A tale told in vignettes.
One of my jobs is the role of wrangler at a dude ranch — I’ve taken MANY people out for rides that have never ridden a day in their lives. It’s a rewarding experience to get someone that’s afraid of horses smiling ear to ear by the end of the ride, wanting to buy a horse. It’s also fun to get someone who’s never been around a horse able to stop and steer and riding pretty decently by the end of the trail. It’s a pretty awesome job.
That being said, the general public is usually pretty amusing to watch try to ride, especially if they’ve never ridden before. It’s even more amusing when they say they’re a skilled rider, yet try to mount the horse from the left side with their right foot. I guess not everyone pays attention to my directions I tell them before every ride.
Here are some of the funniest things I’ve seen on the job.
Guest: I don’t need any help, I know what I’m doing. (proceeds to put right foot in the stirrup)
Me: (looks back to check on everyone in the string): Everyone okay?
Guest: (proceeds to pull the reins back harder and shake them like she’s playing maracas)
Me: (demonstrates how to get the horse to move by giving him a gentle kick/squeeze with my legs)
Guest: (studies demonstration, then moves his legs back and forth like he’s on the elliptical machine at the gym) Why is he not moving??
Me: (demonstrates again)
Guest: (now swings his legs like he’s sitting on the dock of the bay)
Me: Keep your heels down, toes up, and keep the balls of your feet in the stirrup.
Guest: (puts whole foot through stirrup and is now wearing them like an ankle bracelet)
Me during safety meeting: When going up a hill, lean slightly forward; when going down a hill, lean slightly back.
Guest: (going down a slight hill, leans so far back that she would win any limbo competition she would enter)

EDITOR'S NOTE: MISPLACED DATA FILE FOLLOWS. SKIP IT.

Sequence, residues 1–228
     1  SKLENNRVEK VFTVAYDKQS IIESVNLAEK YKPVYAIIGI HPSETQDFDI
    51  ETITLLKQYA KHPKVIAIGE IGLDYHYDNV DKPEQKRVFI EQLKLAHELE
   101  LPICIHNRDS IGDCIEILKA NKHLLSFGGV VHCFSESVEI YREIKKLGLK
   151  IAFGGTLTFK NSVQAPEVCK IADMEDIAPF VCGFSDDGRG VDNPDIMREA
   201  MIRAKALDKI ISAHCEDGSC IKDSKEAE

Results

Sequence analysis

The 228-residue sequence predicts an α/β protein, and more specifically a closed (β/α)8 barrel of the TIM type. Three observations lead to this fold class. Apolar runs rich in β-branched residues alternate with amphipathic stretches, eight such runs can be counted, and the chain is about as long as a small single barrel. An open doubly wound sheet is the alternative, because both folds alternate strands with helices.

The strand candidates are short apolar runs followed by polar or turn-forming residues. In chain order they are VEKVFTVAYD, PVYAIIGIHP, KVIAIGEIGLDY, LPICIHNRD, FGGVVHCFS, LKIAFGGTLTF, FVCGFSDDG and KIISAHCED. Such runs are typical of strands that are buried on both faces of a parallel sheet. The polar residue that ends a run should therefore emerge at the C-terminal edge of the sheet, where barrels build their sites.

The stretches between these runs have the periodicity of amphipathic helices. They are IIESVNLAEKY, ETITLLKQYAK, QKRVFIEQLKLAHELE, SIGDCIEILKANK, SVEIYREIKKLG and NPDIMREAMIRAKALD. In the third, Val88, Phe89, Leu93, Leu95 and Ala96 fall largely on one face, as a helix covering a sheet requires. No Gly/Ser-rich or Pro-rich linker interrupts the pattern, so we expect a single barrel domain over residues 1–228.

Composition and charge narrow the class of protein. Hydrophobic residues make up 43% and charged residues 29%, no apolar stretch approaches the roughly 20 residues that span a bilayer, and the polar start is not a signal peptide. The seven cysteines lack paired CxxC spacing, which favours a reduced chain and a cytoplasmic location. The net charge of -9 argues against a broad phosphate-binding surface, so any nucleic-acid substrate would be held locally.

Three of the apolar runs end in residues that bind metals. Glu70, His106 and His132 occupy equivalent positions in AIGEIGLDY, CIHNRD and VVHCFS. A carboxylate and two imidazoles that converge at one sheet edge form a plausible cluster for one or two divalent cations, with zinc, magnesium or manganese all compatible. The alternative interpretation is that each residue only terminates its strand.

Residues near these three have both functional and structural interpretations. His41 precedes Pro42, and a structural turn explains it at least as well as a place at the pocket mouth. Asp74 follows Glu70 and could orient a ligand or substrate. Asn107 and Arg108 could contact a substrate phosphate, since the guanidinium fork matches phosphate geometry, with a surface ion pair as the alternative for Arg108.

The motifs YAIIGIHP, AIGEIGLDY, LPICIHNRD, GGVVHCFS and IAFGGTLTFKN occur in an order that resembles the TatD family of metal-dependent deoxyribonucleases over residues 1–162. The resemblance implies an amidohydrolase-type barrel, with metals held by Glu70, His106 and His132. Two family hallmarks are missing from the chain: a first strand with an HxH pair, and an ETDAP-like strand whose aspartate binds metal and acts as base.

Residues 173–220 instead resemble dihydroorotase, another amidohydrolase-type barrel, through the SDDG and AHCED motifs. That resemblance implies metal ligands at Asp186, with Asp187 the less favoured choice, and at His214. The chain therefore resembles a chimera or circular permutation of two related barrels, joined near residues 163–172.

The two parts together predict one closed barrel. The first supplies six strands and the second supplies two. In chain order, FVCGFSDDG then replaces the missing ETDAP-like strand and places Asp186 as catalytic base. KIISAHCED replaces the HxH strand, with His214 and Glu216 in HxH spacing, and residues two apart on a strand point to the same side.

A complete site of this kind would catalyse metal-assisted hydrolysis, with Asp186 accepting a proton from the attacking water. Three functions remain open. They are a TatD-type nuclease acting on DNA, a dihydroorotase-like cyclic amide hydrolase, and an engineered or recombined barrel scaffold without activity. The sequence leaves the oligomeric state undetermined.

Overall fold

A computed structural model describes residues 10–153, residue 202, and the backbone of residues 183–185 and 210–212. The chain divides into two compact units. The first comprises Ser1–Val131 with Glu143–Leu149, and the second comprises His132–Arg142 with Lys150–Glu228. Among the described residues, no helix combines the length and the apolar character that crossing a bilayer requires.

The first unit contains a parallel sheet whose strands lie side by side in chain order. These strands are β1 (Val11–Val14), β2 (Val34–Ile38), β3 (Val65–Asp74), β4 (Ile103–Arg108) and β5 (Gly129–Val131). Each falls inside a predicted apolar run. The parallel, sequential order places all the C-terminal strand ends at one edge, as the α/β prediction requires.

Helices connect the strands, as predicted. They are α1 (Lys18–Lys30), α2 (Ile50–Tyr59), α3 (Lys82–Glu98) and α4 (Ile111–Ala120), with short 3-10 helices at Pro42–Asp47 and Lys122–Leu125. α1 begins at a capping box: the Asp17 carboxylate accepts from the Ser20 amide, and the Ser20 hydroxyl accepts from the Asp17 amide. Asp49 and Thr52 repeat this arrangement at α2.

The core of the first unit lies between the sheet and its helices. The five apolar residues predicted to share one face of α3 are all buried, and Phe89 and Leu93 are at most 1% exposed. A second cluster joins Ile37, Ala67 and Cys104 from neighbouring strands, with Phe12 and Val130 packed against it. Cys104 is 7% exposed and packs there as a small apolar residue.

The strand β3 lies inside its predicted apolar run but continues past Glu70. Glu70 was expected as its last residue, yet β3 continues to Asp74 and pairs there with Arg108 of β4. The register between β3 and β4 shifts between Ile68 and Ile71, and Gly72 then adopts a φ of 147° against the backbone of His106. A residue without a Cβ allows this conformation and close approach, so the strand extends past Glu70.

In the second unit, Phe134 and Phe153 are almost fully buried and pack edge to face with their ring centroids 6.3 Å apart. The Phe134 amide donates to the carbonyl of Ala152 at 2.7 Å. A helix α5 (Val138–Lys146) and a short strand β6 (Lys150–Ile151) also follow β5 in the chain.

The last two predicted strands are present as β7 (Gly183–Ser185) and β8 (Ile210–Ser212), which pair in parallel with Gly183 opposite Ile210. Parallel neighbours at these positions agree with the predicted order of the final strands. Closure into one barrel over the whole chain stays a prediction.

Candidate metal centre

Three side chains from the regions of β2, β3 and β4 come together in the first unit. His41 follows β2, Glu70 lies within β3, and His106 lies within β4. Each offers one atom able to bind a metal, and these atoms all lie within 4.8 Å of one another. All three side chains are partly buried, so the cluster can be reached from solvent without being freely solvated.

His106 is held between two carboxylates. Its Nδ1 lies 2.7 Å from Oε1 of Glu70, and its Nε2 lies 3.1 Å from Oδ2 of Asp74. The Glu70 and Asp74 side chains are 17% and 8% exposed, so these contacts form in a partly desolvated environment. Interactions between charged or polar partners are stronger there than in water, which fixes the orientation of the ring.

Me: (helps the guest onto the horse and give her the reins) Here’s how to steer. (demonstrates) Any questions?
Guest: I know what I’m doing, I don’t need any help. (proceeds to wrap reins around her fist like she’s rolling a hose)
Me during safety meeting: The saddles sometimes roll slightly, especially with our round horses without withers. If that happens, put your weight into the opposite stirrup to balance the saddle back out. Try and keep horse’s neck, saddle horn and belly button lined up.
Guest out on the trail: (saddle starts shifting)
Guest: (starts leaning into the roll)
Me: Lean the other way!
Guest: (leans harder into the roll, by now nearly halfway under the horse)
Me: (leaps off and and catches huest right before she rolls on the ground)
Me: Don’t let the horses or mules eat on the trail. They’ve been eating all day, they are not hungry, and none of the plants on the trail are good for them to eat.
Guest on the plumpest draft mule that is eating a bush: I feel bad telling her no.
Me: Buddy, she’s like 1500 pounds and you can’t see her ribs, let alone feel her ribs. She clearly hasn’t missed a meal in her life.
Guest: Well if I tell her no, she won’t like me.
And a final scene:
A guest from Japan comes to ride. She barely speaks any English. She does know who John Wayne is, and proceeds to call me John Wayne for the rest of the ride.
Me: Can you lean a little the other way? You’re leaning halfway off the saddle.
Guest: Okay, John Wayne. (continues to lean off the horse)
Me: Give your horse a little kick to keep up with the rest of the group.
Guest: Okay, John Wayne. (makes no move at all)